Recently I sauntered down the halls of SAKS Fifth Avenue in New York City only to discover that I am a “large” size. I must digress and set the stage for this unprecedented discovery. I was calmly surveying my favorie brands when my eye caught an unusual array of unfamiliar clothing and name brand. To some that might not seem important, but to a brand afficionado like myself, it is not only exciting but crucially obligatory to stop and take a closer look. As I ran my hands gently through the silk and color, I discovered that all the sizes were either zero or two. How can that be? Was I in the teen section? No, this was the third floor where Guccis, Armani, Lauren, Moschino, Sanders, and others of their ilk hold court. As I was evidently frustrated, a young size zero sauntered in my direction asking if I required assistance. I answered calmly if the brand carried only clothing for embryos. The size zero was slightly taken aback but managed a smile as she pointed to the “large” sizes in the back. Way in the back and segregated from the rest of the embryonic merchandise lest they contaminate them were the shameful sizes: three, four, and my size six. At that moment I felt like the proverbial pubescent whose first hard on was cruely interrupted by a cold shower.
I was livid. Who makes the rules? Who decides what body fits into what size? As I wondered through the store that day, I discovered other brands carrying only sizes that would fit a five-year old disguised as a woman. When did women allow haute couture to determine whether we should be labled as normal or fat? If Marlyn Monroe had lived today she would have been regarded as obese because she was a size 14! Jane Manesfield was another healthy beautiful woman whose clothing size would have probably been displayed way in the back or not at all. What has happened to the hour-glass figure?
Watching fashion week is like watching an array of clothes hangers hovering surreally to crazy music on an elevated platform symbolic of how detached the fashion world is from the rest of us. The current genre of runway models could amplify third world hunger and emaciation rather than glamor and beauty. At what point in time did starvation and shapelessness become the hight of fashion? In the early sixties, a young British model by the name of Twiggy came on the scene wearing wonderfully outrageous figureless clothing and mini skirts. She was skinny, pouty, and taunt. As teens we all loved her clothes, but I do not recall any of us wanting to be that thin. By the way, in today’s standards Twiggy would have been a fat size three or four!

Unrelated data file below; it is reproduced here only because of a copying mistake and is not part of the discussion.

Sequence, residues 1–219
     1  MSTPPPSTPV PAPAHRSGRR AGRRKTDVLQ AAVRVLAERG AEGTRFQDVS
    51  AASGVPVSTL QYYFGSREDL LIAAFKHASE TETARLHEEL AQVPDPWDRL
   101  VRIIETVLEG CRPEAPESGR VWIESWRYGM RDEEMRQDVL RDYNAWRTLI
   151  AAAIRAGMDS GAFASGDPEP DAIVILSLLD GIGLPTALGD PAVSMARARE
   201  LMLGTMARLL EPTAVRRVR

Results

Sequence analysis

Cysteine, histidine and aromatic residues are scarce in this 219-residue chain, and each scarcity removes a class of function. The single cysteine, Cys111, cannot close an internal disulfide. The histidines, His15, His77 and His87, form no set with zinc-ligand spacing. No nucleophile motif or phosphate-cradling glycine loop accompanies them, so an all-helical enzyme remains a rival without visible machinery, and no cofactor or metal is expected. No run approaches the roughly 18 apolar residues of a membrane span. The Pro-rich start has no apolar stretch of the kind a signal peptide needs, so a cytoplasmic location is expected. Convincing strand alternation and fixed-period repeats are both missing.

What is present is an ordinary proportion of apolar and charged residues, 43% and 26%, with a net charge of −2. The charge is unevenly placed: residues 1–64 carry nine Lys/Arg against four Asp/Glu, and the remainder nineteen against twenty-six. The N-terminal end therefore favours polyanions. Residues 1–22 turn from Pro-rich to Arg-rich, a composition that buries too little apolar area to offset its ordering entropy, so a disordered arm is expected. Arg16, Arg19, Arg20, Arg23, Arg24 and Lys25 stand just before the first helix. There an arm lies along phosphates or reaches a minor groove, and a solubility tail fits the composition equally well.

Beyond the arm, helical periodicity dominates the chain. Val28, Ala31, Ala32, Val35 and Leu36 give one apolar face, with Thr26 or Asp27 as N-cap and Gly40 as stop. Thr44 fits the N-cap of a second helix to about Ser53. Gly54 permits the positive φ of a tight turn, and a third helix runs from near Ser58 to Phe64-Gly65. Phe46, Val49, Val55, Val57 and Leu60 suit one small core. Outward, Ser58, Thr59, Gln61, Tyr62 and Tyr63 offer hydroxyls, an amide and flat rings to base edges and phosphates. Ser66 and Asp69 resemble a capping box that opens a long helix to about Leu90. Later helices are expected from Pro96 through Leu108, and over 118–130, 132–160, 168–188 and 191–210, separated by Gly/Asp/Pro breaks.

The fashion industry is a billion dollar empire dominated by female gendered male designers who sometimes seem to despise the fact that women’s bodies have three dimensions: breasts, waist, and hips. They prefare women to be and look one dimensional without any distinction in curves. Is it possible that they create shapless clothing that hangs on shapeless people as an attempt to neuteralize society into accepting their version of “beauty?” Is that why runway models are caught in a gender war that leaves us undetermined whether some are male or female? Is that why no one really buys runway haute couture except Hollywood kooks who want to make a statement at the Oscars only to be rediculed by Joan Rivers the day after? Finally, why do women allow this to happen?
Am I a “large” size? I don’t think so. As we grow older we are well aware that style and fashion morphs into what should be deemed as acceptable to our age. My “new forty” look has kept me in good stead and I have no complaints about my shape either. At 97, my mother has remained small and petite. Her elegance, grace, and demurity can never be duplicated by any brand name or haute couture. Like many women of her time, she is and was one of a kind. No neuture gendered runway fetus can ever come close to that!